Jaramana, 17 March 2017 - They lived not far in Rural Damascus and had a comfortable life: a young couple with three children. He with a secure job, drawing a salary, which was able to provide for his family more than the basic amenities of life. She looked forward to a career in law, once the children had completed their schooling.
Suddenly one night in January 2012, their dreams were shattered. There were bombs and shooting all around them. Unprepared, they fled their home, and their village Babila, not knowing where to go nor what to do. They spent the cold night out in the open. Their little boy Muhammad was just five days old. The next morning, with great difficulty they found their way to another village where some of their relatives lived. There, they found shelter there for a short time but found that they had to move on again, because their relatives could not support them.
The trudge, the struggle to survive was their lot for several weeks. Ultimately, they landed in Jaramana, a city around 10 km east of Damascus. When Majeda narrates what she and her family have gone through, there is pain in her words, but not the rancour or bitterness that could legitimately be hers. Instead, there is a gleam in her eye as she looks at her three children who huddle next to her.
The apartment they now live in is dark and dinghy. They were ‘fortunate’ to rent it from one of the unscrupulous builders in Jaramana. Buildings like theirs have mushroomed everywhere in the vicinity, housing thousands of Internally Displaced Persons (IDPs) from the northern areas of Syria and from villages around Damascus. The windows are covered with polythene sheets, and there is no electricity, water or sanitation. However, Majeda and her husband are satisfied that they now have at least a roof over their heads.
When they first came, it was JRS, she says that helped, providing them with blankets, food kits, and other essentials so that they could move on. Fortunately, her husband Ammar was also able to get a secure job with the JRS. Life is a bit more bearable now, but Majeda looks towards tomorrow with hope.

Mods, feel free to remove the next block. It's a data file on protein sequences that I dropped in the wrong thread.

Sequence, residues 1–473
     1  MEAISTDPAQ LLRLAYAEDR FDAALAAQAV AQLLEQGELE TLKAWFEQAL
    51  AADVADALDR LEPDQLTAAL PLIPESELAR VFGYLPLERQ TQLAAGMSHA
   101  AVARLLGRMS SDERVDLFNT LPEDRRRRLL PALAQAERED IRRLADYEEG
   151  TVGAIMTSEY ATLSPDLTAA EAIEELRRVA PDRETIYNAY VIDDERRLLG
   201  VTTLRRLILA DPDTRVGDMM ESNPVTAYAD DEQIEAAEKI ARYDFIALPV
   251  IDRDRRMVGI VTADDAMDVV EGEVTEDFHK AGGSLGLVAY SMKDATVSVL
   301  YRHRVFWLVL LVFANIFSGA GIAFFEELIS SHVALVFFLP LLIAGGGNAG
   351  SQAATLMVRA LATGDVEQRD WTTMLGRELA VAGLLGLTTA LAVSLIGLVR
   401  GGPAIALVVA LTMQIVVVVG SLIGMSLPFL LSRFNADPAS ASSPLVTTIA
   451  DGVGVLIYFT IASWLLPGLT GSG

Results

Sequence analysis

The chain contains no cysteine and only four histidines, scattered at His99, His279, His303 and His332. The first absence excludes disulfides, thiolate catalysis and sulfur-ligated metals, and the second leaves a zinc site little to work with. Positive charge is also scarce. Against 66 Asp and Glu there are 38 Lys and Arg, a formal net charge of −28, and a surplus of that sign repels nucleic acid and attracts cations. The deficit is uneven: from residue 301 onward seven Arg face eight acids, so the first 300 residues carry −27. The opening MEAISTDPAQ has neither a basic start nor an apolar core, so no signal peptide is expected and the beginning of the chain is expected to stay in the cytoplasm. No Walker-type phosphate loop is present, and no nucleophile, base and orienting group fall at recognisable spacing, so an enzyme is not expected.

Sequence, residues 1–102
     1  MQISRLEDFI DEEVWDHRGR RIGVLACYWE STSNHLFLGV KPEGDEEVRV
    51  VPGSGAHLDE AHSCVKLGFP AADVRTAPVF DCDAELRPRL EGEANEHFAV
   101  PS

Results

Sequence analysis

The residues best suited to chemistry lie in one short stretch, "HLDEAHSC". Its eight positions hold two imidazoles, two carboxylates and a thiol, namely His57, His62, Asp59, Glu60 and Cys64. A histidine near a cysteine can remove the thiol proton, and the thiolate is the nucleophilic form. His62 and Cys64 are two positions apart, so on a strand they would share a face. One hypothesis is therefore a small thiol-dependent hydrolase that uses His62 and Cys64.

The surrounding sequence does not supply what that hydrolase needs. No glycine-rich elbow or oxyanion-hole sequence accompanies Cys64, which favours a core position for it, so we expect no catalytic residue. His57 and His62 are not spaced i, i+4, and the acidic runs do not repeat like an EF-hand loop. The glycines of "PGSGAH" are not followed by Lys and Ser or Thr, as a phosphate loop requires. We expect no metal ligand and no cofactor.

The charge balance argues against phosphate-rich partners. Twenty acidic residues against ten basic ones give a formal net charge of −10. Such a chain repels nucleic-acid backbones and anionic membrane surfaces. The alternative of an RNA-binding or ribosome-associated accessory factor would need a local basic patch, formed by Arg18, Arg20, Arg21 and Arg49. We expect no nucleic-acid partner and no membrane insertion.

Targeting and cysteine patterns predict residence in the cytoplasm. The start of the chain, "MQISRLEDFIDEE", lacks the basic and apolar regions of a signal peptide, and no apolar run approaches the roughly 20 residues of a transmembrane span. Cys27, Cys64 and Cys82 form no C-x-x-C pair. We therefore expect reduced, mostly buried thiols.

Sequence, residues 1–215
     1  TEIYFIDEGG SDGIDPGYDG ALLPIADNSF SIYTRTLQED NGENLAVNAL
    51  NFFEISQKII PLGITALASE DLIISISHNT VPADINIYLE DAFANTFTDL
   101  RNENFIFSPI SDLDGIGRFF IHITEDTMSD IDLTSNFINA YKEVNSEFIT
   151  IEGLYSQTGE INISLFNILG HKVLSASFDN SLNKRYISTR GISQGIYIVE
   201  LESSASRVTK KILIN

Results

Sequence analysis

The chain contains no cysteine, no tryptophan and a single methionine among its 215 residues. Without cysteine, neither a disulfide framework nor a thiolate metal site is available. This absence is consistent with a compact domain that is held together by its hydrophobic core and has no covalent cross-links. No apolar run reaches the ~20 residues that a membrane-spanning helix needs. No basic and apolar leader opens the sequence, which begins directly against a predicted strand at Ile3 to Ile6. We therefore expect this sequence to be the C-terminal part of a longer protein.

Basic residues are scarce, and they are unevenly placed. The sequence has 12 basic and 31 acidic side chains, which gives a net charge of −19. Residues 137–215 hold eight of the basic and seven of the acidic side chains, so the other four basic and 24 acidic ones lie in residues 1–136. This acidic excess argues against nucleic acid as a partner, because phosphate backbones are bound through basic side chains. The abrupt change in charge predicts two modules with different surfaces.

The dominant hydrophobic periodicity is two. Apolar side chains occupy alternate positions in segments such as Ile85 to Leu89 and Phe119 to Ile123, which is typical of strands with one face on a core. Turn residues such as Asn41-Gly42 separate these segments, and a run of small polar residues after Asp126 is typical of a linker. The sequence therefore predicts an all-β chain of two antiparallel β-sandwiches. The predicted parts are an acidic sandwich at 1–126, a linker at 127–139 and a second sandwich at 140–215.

“I always wanted to be an advocate”, she says, “I completed my ‘baccalaureate’ – and well then, I had to get married. When I meet other women, and hear what they are going through, I wish I could fight on their behalf legally. It is perhaps too late for me now. Maybe my daughter Amal (8 years) will become a lawyer”. However, Amal coy as she is, vehemently shakes her head and says “no”. “Okay” replies Majeda, “then I will go back after some years to study law”. Omar (11 years), their eldest son, is a bit more circumspect when he is asked what he would like to become in future.
“A doctor”, he says, “because I would like to help the people who are sick or wounded”. Muhammad, now four years old- only smiles through the conversation; having been born in the height of the conflict, he has never experienced a ‘normal’ childhood so far.
For Majeda, living in Jaramana is not easy. The city is crowded with refugees: Palestinians, Iraqis and others. It is estimated that the six-year civil war in Syria has created almost 4 million IDPs and a good percentage have sought refuge in Jaramana. The newcomers have fallen easy prey to the old-timers for almost anything. People are generally suspicious of one another. The IDPs are resented by those who have been living here longer. There are separate queues to buy bread: one for the residents the other for the IDPs (theirs is much longer).
Whether it is standing in the line to buy bread or taking her children to the study centre, Majeda takes it all in her stride. You can see the scars of war in her face but in between there is a glow: a conviction that the embers of hope, which she gently fans, will suddenly burst forth to a new and better tomorrow.
- Fr. Cedric Prakash sj